You get the Harvard Brain Study on Shinzen Young Meditators. Together, Shinzen Young and Dave Vago have teamed up to investigate what happens in the brain when you apply Shinzen Young’s meditation techniques. By combining Shinzen’s meditation students with Dave’s research skills and uber-geeky laboratory, they just might be forcing science to evolve and go a whole lot deeper in the process.
And this isn’t just another "meditation and brain study," either. As meditator and New York Times journalist Jeff Warren states, “This is not another meditation and the brain story—it’s about the new age of contemplative transparency that may finally be upon us, and the radical prospect of science taking enlightenment—that multifaceted jewel—seriously.”
Equal Parts Buddhist and Geeky
Dave Vago represents the next generation of neuroscientists—those who are willing to examine some of the more difficult and even taboo aspects of deep contemplative transformation and speak openly about their findings. This is a very different approach from the previous generation of more cautious researchers who tended to be "in the closet" when it came to the enlightenment game.
As a professor of psychology at Harvard Medical School, Dave has held the position of Senior Research Coordinator for the Mind & Life Institute, a not-for-profit organization dedicated to fostering dialogue and research at the highest possible level between modern science and the great living contemplative traditions.
Shinzen Young is a Vipassana meditation teacher who frequently uses concepts from mathematics as a metaphor to illustrate the abstract concepts of meditation, making his teachings popular among academics and professionals. His interest in integrating meditation with scientific paradigms has led to collaborations with neuroscientists at UCLA and the University of Wisconsin, Madison, and now with Dave Vago at Harvard Medical School.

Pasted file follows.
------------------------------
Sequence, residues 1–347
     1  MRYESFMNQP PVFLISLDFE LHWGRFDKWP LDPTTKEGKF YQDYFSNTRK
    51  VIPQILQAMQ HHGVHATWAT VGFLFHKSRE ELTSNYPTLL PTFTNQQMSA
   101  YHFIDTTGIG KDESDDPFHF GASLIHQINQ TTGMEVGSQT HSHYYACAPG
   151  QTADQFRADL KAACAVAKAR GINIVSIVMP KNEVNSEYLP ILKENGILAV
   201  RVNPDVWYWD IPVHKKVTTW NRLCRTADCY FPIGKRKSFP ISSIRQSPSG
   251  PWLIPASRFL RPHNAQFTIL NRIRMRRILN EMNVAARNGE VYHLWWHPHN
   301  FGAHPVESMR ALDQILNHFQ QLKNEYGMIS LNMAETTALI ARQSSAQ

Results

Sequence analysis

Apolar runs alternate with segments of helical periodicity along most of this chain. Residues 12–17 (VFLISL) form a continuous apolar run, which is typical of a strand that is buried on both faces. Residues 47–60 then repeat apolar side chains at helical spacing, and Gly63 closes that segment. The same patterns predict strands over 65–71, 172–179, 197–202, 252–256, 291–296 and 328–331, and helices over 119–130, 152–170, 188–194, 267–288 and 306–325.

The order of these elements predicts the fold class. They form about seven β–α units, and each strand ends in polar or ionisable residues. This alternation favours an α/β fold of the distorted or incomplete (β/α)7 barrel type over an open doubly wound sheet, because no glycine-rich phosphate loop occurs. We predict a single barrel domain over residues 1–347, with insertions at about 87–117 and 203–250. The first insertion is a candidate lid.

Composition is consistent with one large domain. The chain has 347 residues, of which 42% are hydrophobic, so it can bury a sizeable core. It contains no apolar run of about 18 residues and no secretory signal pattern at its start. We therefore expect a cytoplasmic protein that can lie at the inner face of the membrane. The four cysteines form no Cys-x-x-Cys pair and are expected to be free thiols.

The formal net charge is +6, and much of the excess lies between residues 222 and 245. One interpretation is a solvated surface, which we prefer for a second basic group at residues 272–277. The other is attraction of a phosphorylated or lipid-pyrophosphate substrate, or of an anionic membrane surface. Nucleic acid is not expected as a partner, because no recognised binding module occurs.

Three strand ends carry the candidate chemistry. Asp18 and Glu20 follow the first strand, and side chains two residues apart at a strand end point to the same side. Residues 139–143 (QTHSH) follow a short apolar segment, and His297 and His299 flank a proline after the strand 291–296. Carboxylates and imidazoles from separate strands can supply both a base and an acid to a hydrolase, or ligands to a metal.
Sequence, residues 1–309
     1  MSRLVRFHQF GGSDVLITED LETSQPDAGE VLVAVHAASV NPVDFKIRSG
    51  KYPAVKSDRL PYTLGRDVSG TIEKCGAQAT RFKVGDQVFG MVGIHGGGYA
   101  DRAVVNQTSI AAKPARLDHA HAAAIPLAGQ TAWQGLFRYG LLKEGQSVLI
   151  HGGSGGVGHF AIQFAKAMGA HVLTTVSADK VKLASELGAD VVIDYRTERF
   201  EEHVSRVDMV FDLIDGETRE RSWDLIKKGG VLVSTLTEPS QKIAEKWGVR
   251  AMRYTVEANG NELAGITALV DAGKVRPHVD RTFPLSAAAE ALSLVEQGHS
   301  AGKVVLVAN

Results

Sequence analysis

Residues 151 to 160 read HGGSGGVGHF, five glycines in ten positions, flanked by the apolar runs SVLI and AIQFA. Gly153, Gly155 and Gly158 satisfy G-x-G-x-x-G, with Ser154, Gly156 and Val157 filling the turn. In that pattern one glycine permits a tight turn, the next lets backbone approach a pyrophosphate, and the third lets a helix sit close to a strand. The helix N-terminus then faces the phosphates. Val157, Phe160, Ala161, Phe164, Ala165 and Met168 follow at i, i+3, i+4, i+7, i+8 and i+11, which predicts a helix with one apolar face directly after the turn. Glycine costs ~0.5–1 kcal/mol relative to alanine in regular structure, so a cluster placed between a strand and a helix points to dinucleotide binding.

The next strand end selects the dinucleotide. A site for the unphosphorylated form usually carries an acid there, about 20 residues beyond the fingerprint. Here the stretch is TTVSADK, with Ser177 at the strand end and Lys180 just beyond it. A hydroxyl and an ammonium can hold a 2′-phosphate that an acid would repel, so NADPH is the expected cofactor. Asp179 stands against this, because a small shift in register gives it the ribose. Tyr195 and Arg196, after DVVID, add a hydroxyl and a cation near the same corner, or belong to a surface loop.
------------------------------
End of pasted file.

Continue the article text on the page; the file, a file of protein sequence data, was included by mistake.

The Big Reveal
So, what did Dave and Shinzen find out from their research study—how do Shinzen Young’s meditation techniques affect the brain? Lucky for us, they’ll be presenting their research findings for the very first time at this year’s Buddhist Geeks Conference through a new format we’re calling BG Dialogue. At this summer’s conference, Shinzen and Dave will have a 90-minute dialogue, including a live question and answer period with the audience on their latest research findings.
Will they present data on the neural correlates of "no self" and enlightenment? Maybe their research findings will help advance the "progress of insight?" Or perhaps they will touch upon the "experience of cessation" from a neurobuddhist perspective?
What questions do you have for the scientist and the contemplative? Make sure to reserve your spot to attend the Buddhist Geeks Conference, Aug. 16th–18th in Boulder, Colorado to get your answers. Either way, you don’t want to miss the big reveal!
Go back to the Tricycle | Buddhist Geeks page.
Kelly Sosan Bearer is an Integral meditation teacher. She was ordained in 2007 as a Zen monk in both the Soto and Rinzai schools of Zen Buddhism and is a senior student of Ken Wilber’s Integral Theory and Practice. Kelly also studies Hatha Yoga and Feminine Embodiment with Sofia Diaz. She is a published author in the Journal of Integral Theory and Practice and completed her graduate studies at Naropa University with a MA in Transpersonal Counseling Psychology. In addition, Kelly cofounded Integral Chicks—a women’s integral practice community dedicated to uniting Beauty, Truth, and Goodness with Big Heart. She is also the Conference Director and Partner at Buddhist Geeks. Follower her on Twitter @KellyBearer.